Andy: I’m unsure and sometimes it’s baffling to think that the artists wants to be noticed and heard, but don’t want to promote themselves. If that is the case they have to pull away from it and carry it on as a hobby. I can’t tell you how many have used me just to get their music on my site and then disappear never to be heard from again. It’s a waste of my time, I have to listen, find links, copy images, post on the site, post on facebook, post on twitter and whoosh! They’re gone as fast as they came because they want to sit back and wait for something to happen without lifting a finger. It goes back to the above answer, once I see it they’re gone and they will never be featured again. Baffling! Maybe they just want their music heard without any fuss and use the site as an outlet, that’s all I can put it down to.

Corbin: I really appreciate you taking the time to answer these questions, as you have been such an integral part in helping to shape a lot of WEATNU’s artist’s careers, including my own. Is there anything you would like to comment on or add?

Andy: Huge thanks to you Corbin and Almark for this opportunity, keep up the good work you do at WEATNU. I understand it is very frustrating at times trying to promote yourselves as well as your artists. I used to get very frustrated but now I just enjoy it. Keep plugging away and it does slowly come to you. I’d like to thank Rob Harvey who has been a massive support to me since Revival Synth was created. Without him, I doubt the site would have even started. He is always at hand to help in any way regarding Q&A’s, artists and promoting. I must thank the following too, they are great sources of support and information for the site : Bynar  Johnny Normal  Skerat  Jason Older  Greg Warum  Dave Charles  Derek Anthony Williams  Paul Readman  Paul Randall  Dean Clarke  Peff Soulsby  Rusty Egan  Tracy Perry  Barbara Moser  Izzie Voodoo

Onwards & Upwards WEATNU 🙂
Thank You

#WEATNU Digital Magazine – Interview by Corbin Roof

Intro written by Almark

Check out Revival Synth on Twitter

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Musicians and their social presence.

If you’re a musician you know how important it is to be in touch with your fans. It is even more important for them to have access to your daily information. While social media may appear to be troublesome to have around, it is in fact very useful if used correctly. Ask any record label and they will tell you that artists must have twitter to succeed, and while some are socially shy, it’s better to have one facebook/twitter than to have nothing at all.

I’ve been posting my music for many years, 5 now, I went through using Facebook, IRC channels and finally twitter. Once I found twitter, then I found what helped me get music out to a wider audience. I cannot tell enough about the absolute importance and benefits of having a twitter account. The marketing value is just part of it. When you open a twitter account you now have access to the entire platform of twitter itself, given you use tags properly and post about what you are seeking, making friends etc. Building a bond with others, not just self-promo but promoting their music too. This is how #WEATNU was started. The simple act of re-tweeting another artist. But to maintain social presence you have to be in social presence.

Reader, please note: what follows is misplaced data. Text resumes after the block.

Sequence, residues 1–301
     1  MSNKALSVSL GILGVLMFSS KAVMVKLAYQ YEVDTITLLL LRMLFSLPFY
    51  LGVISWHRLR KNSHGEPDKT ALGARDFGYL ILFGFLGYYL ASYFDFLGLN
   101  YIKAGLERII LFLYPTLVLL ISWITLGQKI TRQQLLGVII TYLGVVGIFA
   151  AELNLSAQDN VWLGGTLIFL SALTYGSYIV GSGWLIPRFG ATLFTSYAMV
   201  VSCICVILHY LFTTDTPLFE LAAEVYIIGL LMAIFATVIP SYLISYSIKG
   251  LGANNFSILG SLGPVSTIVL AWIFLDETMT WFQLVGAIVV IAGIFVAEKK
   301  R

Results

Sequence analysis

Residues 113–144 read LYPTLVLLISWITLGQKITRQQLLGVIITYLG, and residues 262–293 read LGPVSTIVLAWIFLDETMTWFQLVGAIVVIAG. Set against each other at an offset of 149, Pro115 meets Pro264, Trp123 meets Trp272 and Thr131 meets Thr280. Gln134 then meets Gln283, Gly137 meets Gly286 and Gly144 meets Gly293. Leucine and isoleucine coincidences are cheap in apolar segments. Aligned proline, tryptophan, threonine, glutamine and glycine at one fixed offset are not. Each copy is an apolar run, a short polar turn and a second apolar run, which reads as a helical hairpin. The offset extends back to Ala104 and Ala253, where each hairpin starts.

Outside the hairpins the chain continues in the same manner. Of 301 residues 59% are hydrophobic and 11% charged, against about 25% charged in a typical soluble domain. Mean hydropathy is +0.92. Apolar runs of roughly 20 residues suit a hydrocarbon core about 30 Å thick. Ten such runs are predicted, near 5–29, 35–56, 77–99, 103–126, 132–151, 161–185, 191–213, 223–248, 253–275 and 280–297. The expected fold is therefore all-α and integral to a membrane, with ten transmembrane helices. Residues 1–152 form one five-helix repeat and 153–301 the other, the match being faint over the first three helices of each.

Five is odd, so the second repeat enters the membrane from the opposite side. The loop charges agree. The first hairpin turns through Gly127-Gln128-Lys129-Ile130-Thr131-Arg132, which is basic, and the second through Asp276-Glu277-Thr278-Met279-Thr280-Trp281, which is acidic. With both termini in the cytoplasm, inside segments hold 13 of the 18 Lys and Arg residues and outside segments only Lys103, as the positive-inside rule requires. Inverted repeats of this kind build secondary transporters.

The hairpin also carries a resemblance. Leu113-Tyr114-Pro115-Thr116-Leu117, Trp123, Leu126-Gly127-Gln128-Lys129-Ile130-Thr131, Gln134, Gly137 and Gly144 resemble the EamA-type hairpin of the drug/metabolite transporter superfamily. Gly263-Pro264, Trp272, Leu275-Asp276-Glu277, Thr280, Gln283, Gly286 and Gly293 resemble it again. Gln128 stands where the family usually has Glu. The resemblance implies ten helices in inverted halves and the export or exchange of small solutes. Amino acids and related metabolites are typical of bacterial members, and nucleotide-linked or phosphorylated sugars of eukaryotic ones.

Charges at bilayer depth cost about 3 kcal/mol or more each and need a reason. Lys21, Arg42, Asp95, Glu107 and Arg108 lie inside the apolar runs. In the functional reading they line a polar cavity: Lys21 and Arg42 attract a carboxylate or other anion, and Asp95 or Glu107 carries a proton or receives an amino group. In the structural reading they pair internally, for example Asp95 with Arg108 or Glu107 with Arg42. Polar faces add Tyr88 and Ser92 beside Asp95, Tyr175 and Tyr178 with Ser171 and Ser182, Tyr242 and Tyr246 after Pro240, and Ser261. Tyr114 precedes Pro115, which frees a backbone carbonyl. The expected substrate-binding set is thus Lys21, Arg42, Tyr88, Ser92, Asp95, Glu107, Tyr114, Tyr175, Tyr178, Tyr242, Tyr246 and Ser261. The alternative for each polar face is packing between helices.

Facebook likes aren’t enough to gain any type of clout, because if you have few fans, then few people will listen to you. There comes a time where you must self-promote and do it often, and not just one song but many songs, or various info. Be creative and supportive at the same time. The Internet is getting much larger now and more competitive. You are essentially competing to get your information out there to others. Twitter is more important than people realize. When a new artist wishes to be with #WEATNU all they have to do is have twitter, it’s that simple. Having twitter gives us the means to showcase them for this magazine, radio and label. When you promote yourself, you can’t just post and go, you have to interact and do it often. Eventually you meet others and make friends and share music with one-another. Sending in your music to net-radio, blogs and magazines is the best way to get your social presence, yet it doesn’t stop there. Twitter is probably the most important social media site in the world, and more musicians are using it everyday. It’s not just about celebs anymore, (while they do well interacting with their fans) it too works well for the indie scene. Soon #WEATNU DM will have social media tips by Tracy Perry, host of “Expansion of Presence”, a weekly indie show broadcasted to Mixcloud. Be sure to check back on #WEATNU DM for more info in the future.

Almark – #WEATNU Digital Magazine